Are you a fan of the 19th Century

scientist, Charles Darwin?

If so, this website is for you!  

 

This website aims to draw together key publications, media and websites on Charles Darwin for the enthusiast.

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Darwin & The Lizard - Lesson Ideas

1) Find out about British reptiles.  How does their appearance

differ? What do they feed on? Which habitats do they occur in?  

How do they reproduce?  What are the advantages and disadvan-

tages of producing eggs or giving birth to live young?  Watch a

Bill Oddie video of common and sand lizards.

 

2) Dinosaur means 'land lizard'.  Find out information about a handful of

dinosaurs.  Do people think that they laid eggs?  What are the

theories as to why most became extinct?  In which geological time period did most dinosaurs become extinct?

What might cause a local common lizard population to become extinct nowadays? Consider threats and legal protection.  What is the impact of extinction on evolution? (Species traits can no longer be passed on through reproduction; the animals that are no longer suited to an enviroment become extinct, whilsts better adapted creatures can take their place and thrive).

 

3) Look at the variety of sundews native to the UK (you can avoid the hybrids if you wish).  Look at videos. Watch a Black & White 1930's British Pathe film about sundews, including their flowers and seedling growth. Look at close-ups of the round-leaved sundew featured in the story. Where can they be found?  Look at bog, heathland and moorland habitats.  What are their requirements? How do sundews reproduce?  What might have caused the local extinction of round-leaved sundew from Keston Common? (eg. collection of plants, drying out soils due to changes in ground water or the growth of trees, lack of management leading to build up of leaf litter and dense grass).    Look at a distribution map of the species in the UK. Find out about the work of the Millenium Seed Bank in conserving seeds of rare plant species from around the world.  Search the database to see if the seeds of the three British sundews have been conserved because they are thought to be globally threatened.  (You'll find that they're not on the database when you search it). Watch the latter part of this video of someone trying out part of Darwin's sundew experiments. Buy a sundew.  'Feed it' different materials eg. meat, cheese, plastic, cornflakes, paper.  Which does it react to and appear to be 'eating'?  Design your experiments and record your results scientifically.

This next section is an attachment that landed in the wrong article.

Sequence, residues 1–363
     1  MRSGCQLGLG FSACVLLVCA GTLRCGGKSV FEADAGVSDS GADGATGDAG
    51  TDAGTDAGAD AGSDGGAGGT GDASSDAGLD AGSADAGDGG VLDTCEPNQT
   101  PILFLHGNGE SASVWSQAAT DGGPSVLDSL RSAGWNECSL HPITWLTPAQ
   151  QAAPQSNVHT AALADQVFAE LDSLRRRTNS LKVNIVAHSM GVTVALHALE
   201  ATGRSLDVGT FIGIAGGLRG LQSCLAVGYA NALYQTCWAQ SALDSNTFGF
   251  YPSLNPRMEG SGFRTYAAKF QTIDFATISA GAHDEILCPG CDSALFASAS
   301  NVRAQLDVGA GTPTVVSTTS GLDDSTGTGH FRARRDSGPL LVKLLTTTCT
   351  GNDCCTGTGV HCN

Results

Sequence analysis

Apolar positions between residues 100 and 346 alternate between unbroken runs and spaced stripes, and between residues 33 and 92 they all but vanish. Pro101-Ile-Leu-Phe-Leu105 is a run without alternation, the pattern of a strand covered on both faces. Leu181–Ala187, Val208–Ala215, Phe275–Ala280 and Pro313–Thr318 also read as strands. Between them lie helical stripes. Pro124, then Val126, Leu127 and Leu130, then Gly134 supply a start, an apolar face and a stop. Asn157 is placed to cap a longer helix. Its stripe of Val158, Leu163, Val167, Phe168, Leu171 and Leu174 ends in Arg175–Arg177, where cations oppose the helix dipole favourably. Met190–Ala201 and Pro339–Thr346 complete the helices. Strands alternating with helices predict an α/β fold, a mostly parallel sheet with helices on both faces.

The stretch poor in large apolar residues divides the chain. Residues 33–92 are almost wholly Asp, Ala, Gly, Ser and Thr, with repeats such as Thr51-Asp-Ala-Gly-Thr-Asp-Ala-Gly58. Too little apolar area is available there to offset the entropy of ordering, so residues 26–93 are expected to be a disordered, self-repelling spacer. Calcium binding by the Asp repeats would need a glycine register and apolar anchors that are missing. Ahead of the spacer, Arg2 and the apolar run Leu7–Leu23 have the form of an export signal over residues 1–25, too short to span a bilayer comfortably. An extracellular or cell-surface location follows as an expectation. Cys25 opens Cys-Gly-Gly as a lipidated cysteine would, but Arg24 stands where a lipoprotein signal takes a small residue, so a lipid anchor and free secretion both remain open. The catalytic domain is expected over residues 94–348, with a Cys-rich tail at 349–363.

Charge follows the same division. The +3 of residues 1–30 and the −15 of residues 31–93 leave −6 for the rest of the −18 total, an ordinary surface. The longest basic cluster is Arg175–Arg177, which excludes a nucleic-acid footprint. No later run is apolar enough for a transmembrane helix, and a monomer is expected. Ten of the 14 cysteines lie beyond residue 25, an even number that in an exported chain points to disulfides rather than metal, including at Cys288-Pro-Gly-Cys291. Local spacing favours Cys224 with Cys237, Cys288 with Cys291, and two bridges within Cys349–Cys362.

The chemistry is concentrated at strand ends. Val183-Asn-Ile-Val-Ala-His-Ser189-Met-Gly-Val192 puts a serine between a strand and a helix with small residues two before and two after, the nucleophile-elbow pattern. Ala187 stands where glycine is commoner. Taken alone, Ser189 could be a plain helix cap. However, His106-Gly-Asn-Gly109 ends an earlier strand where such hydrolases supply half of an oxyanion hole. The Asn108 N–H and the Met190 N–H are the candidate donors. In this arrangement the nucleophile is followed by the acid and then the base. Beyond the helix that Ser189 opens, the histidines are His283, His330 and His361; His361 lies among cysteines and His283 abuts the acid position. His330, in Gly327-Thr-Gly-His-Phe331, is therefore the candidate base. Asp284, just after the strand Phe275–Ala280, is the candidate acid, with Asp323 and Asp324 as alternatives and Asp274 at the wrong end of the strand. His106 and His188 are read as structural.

SUMMARY OF LEARNING POINTS IN THE STORY

 

* Some species have developed particular, specialised methods of capturing prey.  The Round leaved sundew uses sticky hairs to capture insects to supplement its 'diet'.

* Similar species have evolved different means of reproducing in order to be succcessful in the different environments in which they occurs.  The viviparous lizard retains its eggs and gives birth to live young whilst the sand lizard lays eggs in the sand.

* Public pressure can be one of the contributing factors to the extinction of lcoal species.  Trampling and removal of plants, such as the sundew, could have partly led to the species demise at Keston Common.

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